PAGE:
In speaking with judges here in Italy, I was told that the neck hackle, with or without "whispy feathers", should not touch the back, but finish higher up on the neck, leaving a space where the breast-neck feathers ring the neck completely.

 

This breed is also been reported hardier than the very delicate YAMATO, but the experiences of breeders in Europe have shown that depending on the provence of the line from Japan, the birds may need more or less shelter for the cold months. Of the seven birds we imported from Germany in 1998, nearly all died in the frosty weather of 1999, leaving only one hen. These were also lacking in the shrimp tail and wing gap.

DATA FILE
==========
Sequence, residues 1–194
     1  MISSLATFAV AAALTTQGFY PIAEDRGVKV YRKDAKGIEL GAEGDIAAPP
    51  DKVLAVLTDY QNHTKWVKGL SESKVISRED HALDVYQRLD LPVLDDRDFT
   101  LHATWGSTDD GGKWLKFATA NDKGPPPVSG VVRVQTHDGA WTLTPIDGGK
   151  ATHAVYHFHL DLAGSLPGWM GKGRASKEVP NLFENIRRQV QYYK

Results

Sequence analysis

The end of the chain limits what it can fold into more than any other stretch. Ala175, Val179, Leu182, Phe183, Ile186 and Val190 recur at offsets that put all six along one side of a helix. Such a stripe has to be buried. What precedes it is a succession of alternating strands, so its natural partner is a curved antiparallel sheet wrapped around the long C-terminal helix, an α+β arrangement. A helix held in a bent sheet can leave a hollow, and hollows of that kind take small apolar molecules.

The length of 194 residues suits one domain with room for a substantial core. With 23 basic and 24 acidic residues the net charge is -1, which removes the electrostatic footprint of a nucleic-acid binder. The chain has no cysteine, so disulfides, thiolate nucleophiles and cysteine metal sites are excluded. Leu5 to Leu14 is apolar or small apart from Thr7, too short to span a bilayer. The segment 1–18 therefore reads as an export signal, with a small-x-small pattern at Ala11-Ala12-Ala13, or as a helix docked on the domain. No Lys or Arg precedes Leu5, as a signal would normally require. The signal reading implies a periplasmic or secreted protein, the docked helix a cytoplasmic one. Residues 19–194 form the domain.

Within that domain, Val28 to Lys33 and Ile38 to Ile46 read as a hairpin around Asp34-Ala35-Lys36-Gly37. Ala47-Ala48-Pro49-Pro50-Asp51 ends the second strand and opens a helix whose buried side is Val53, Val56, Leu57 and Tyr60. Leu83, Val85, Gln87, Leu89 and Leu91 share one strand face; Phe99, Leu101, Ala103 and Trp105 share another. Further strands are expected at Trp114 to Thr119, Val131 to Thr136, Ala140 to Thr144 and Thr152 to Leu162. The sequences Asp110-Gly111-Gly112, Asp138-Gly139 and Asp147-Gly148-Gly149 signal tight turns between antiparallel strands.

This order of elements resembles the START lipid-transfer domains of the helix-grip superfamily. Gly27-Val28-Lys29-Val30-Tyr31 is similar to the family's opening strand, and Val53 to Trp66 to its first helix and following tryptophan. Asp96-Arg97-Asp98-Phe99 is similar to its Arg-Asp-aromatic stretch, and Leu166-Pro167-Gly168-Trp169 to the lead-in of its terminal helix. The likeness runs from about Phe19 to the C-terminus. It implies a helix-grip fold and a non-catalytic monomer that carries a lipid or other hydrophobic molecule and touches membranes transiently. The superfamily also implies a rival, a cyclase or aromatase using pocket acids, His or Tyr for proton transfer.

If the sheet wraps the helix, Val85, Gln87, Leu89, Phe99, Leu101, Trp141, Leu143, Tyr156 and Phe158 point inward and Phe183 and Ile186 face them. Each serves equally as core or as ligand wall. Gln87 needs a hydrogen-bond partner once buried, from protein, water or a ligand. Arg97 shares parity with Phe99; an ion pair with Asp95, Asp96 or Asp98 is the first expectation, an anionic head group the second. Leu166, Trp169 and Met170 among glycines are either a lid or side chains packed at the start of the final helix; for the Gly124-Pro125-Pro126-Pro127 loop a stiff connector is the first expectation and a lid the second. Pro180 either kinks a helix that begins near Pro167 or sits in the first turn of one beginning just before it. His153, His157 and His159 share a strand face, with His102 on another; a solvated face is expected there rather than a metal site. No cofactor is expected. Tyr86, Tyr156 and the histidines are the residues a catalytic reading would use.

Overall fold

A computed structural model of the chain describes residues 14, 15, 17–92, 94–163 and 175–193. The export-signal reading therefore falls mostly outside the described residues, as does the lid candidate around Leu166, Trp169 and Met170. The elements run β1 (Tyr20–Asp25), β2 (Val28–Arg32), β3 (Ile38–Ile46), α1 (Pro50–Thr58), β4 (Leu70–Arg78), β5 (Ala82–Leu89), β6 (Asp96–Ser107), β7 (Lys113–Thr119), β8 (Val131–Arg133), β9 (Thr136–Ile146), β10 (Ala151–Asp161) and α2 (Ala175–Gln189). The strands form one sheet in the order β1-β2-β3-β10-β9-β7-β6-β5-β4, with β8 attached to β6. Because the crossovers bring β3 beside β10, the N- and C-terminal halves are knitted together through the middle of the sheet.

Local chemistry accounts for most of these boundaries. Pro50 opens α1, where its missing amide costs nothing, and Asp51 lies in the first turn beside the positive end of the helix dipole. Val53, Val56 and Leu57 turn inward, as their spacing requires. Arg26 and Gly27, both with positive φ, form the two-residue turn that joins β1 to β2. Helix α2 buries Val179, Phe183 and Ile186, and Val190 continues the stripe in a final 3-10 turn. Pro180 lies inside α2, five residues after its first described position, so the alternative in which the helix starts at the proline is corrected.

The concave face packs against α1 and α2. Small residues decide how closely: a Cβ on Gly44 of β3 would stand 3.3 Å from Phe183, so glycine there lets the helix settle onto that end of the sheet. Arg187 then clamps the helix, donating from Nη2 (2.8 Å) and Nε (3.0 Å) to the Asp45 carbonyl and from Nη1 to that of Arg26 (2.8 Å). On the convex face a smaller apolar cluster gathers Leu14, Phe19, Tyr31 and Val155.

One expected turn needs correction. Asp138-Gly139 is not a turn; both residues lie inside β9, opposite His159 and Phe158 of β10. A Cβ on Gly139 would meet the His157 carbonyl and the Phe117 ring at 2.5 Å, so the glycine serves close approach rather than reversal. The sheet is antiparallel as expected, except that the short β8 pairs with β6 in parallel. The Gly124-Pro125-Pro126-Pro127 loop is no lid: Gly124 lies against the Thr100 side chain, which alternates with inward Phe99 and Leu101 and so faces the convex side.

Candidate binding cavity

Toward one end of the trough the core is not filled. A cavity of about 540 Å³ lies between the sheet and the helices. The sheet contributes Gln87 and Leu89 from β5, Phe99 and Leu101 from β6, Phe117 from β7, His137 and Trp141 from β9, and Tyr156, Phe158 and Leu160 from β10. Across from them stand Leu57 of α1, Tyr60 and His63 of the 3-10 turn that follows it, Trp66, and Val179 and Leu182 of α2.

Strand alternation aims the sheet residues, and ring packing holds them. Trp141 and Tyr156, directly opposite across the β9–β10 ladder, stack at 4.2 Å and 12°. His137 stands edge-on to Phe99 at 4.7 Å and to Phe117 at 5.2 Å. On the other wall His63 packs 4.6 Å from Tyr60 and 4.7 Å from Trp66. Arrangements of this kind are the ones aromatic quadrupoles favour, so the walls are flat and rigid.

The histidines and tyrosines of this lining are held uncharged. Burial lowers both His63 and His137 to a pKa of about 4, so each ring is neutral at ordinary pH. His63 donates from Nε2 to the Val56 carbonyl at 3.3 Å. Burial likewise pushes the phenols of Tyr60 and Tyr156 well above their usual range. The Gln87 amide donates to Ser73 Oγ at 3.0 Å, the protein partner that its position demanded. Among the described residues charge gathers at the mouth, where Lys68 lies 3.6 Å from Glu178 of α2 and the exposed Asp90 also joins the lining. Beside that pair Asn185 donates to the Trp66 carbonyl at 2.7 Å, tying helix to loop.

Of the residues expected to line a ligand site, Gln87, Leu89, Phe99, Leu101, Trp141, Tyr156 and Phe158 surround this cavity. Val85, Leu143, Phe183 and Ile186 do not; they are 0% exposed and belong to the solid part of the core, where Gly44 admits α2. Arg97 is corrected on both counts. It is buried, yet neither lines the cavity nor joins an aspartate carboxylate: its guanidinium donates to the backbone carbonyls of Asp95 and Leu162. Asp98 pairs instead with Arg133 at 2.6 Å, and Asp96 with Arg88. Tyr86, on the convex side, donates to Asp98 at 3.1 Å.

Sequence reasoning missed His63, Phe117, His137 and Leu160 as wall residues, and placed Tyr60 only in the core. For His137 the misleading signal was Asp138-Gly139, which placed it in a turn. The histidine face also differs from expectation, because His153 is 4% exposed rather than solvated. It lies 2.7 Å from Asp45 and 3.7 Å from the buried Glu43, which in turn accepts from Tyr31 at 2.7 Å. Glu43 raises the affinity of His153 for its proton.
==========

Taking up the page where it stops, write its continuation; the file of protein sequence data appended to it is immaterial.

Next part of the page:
Julia Keeling, after visiting Japan and seeing many Ko Shamo, Shamo and other Japanese gamfowl, wrote the following.

 

The heavy, wrinkled face of the Ko Shamo photographed by Mr Kenji Kimata may be atypical of Ko Shamo in the West, but I can assure you that it is not, generally speaking, of Ko Shamo in Japan.

 

What we need to realise and accept is that, in its native land, there is a sliding scale of type in the breed. There is not one definitive 'correct' version to which many in the West are attempting to limit it.

 

In some areas the Kos are small and fine, in some they are tall and angular, and in others they are small, chunky and wrinkley, plus various types in between.

 

It must be appreciated by everyone, myself included, that there are many differing opinions as well as types in Japan, but the breeders I spoke to personally in Japan all considered the Chibi to be a variety of Ko Shamo. They could not understand why people in the West were viewing it as a separate breed.